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Peter Rice pmr at staffa.sanger.ac.uk
Wed Oct 12 14:51:37 EST 1994

In article <1994Oct11.171249.1 at bobby.iaf.cnrs-gif.fr> bochet at bobby.iaf.cnrs-gif.fr writes:
>   I am sorry if this question has been asked already:
>   Should the current version of EGCG, the extensions for GCG written at  EMBL 
>   run with version 8 of GCG, even without the graphic interface WPI ? Or do we
>   have to await a new version of EGEG ?

Au contraire, but I have been expecting someone to ask. EGCG 8.0 is due
for release 'soon'. The current status report is attached.


EGCG Extended GCG, Release 8.0: Status Report      12 October 1994
=============================================      ===============

The EGCG package is a suite of programs which extend the standard
GCG (Wisconsin) Sequence Analysis package. The EGCG programs were
developed by Peter Rice (formerly EMBL, Germany and now at the
Sanger Centre, Hinxton, UK), Rodrigo Lopez (Biotechnology Centre
of Oslo), Jaakko Hattula (Tampere, Finland), Reinhard Doelz (Basel,
Switzerland) and Jack Leunissen (Nijmegen, Netherlands). The programs
are supported on VMS and Unix systems for GCG 7.3, and will soon be
released for GCG 8.0, also on VMS and Unix.

In the past, the programs have been included as unsupported software
in the GCG distribution, as well as availability by anonymous ftp.

Due to the many changes in GCG 8.0, we have preferred to wait for
the full GCG release before testing and releasing EGCG 8.0. Most
of the changes required for compatibility with GCG 8.0 (there were
many) have already been made during the GCG beta test period. In
the next few weeks we hope to complete building and testing the
programs on OpenVMS, Irix and OSF. Once testing is completed, we
can release EGCG 8.0 as a beta version by anonymous ftp.

Until then, sites can continue to run GCG 7.3 and EGCG to provide
users with the EGCG programs, while running GCG 8.0 for the new
GCG programs.

The initial EGCG 8.0 release will support only the command-line
interface. WPI will follow.

EGCG 8.0 will be identical for VMS and Unix. In the past we have
released separate versions for VMS and Unix, but now will integrate
everything. Unix is now the main operating system(s) for the EGCG
team, so VMS will in future be the secondary system, and all further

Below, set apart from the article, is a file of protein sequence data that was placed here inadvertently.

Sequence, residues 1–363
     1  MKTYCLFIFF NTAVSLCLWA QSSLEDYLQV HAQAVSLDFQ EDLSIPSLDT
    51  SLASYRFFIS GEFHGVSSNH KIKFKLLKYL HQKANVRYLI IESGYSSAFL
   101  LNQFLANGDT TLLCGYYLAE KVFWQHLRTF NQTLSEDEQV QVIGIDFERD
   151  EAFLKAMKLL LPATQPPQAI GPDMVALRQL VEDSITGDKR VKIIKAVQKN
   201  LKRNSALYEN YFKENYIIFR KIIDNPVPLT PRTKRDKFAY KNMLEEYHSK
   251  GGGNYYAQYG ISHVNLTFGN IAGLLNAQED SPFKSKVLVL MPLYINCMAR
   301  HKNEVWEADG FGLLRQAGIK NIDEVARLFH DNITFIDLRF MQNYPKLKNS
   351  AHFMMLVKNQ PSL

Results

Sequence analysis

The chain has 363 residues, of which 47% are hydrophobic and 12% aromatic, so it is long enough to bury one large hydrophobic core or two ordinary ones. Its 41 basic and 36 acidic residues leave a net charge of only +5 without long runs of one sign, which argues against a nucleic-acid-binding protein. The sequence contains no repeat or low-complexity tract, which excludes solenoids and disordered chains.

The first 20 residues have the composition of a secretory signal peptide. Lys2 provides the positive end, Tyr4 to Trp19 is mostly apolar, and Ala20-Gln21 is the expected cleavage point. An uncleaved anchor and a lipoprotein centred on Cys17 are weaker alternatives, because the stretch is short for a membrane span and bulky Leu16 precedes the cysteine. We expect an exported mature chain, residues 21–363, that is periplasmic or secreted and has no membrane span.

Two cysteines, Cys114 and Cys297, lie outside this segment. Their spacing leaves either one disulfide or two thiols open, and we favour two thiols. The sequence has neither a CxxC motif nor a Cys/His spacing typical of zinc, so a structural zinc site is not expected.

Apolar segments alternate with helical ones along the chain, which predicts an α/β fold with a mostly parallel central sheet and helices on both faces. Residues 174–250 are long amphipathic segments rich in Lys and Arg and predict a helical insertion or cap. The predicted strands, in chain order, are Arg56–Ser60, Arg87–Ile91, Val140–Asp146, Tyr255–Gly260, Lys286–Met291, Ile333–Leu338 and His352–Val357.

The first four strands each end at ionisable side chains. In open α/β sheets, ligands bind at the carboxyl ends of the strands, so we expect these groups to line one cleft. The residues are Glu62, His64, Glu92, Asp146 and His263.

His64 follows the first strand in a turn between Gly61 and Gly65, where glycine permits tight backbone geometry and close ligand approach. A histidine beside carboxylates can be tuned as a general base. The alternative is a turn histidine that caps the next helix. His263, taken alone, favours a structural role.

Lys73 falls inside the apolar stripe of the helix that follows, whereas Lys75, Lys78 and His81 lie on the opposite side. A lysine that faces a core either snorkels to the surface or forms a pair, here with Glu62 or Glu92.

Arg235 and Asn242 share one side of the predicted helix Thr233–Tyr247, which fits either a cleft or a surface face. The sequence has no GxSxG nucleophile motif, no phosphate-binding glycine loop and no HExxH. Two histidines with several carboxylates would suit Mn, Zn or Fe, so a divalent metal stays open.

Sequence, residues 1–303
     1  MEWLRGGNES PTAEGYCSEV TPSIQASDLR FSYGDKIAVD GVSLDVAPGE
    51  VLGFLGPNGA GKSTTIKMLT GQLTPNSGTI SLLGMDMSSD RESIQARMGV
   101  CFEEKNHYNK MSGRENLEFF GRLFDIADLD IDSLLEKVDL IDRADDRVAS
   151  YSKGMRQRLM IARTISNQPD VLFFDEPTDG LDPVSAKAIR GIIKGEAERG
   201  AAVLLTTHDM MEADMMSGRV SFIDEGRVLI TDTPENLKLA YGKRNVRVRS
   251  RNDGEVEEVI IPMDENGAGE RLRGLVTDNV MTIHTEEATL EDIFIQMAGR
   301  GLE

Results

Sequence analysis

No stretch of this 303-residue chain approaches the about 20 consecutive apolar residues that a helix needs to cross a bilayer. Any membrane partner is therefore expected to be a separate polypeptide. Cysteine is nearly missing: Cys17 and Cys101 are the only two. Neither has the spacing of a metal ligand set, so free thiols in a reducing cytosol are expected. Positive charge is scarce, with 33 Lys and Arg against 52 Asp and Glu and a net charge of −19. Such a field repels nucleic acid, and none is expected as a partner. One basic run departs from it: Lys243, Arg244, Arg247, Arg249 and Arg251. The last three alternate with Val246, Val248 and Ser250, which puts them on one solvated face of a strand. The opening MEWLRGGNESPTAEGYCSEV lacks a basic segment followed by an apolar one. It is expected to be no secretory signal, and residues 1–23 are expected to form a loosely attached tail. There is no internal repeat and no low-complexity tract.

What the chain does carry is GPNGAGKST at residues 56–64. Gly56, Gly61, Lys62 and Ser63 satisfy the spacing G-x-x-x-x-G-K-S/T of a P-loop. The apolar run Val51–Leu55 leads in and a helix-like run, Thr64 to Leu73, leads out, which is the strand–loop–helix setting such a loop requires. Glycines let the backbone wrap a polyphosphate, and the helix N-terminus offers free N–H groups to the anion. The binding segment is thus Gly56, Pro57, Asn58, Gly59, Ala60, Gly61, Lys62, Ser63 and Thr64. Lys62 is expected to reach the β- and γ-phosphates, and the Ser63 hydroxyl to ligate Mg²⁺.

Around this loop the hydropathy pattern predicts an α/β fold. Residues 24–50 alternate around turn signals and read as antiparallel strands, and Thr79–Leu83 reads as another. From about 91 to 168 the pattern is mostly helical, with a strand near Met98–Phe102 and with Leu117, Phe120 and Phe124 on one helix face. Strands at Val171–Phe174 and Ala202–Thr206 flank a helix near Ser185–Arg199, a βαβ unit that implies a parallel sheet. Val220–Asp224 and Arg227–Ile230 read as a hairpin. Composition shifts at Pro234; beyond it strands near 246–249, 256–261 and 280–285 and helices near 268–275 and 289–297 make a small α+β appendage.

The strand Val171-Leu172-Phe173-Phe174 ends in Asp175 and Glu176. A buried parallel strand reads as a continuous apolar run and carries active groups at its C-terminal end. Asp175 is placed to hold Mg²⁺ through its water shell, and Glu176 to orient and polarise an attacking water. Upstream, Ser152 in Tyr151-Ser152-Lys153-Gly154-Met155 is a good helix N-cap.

developments will be tested first on Unix.

EGCG 8.0 also features many extensions to the Procedure Library to
simplify the task of adding new applications and porting existing ones.
We expect this feature of EGCG to grow considerably in the future.
Documentation of the new EGCG Procedure Library will be completed after
the beta release.

All EGCG 8.0 programs can be run in batch mode - this is a direct benefit
of the modified procedure library.

The WPI interface will be added to EGCG only after the initial beta
release. It will take some time to generate the configuration files,
and we plan to modify WPI if necessary to make the EGCG programs
easier to use (this probably only means adding a top level menu item,
but it is too early to be sure how much effort is involved).

EGCG code remains in Fortran, although like GCG it will increasingly
use C in the future.

Highlights of EGCG 8.0 include:

New programs:

Prettybox has been submitted for inclusion by Rick Westerman. Prettybox
produces shaded alignments for PostScript printers.

About 20 programs omitted from the last Unix port (EGCG 7.1) will be
included this time or as soon as possible after. The full list of
programs is included below (see after **).

Some other programs have also been submitted, but will not be fully
integrated until the remainder of EGCG 8.0 is stable.

'Obsolete' programs:

GCG have decided to drop QuickSearch from the new release. The EGCG versions
of the Quick programs make far fewer demands on system resources, and were
run successfully as a service by EMBL for some years. One of the major
users of that service is a colleague at the Sanger Centre, so naturally
these programs will continue to be supported in EGCG. The emphasis will be
on supporting long but imperfect sequences from genome-scale projects,
so further improvements to the programs will be made over the next year.

We are open to requests to reimplement the DIE command too. We have found it
very useful when running training courses to get the students to logout and
go home ("when you've checked the FASTA results, why not try DIE and see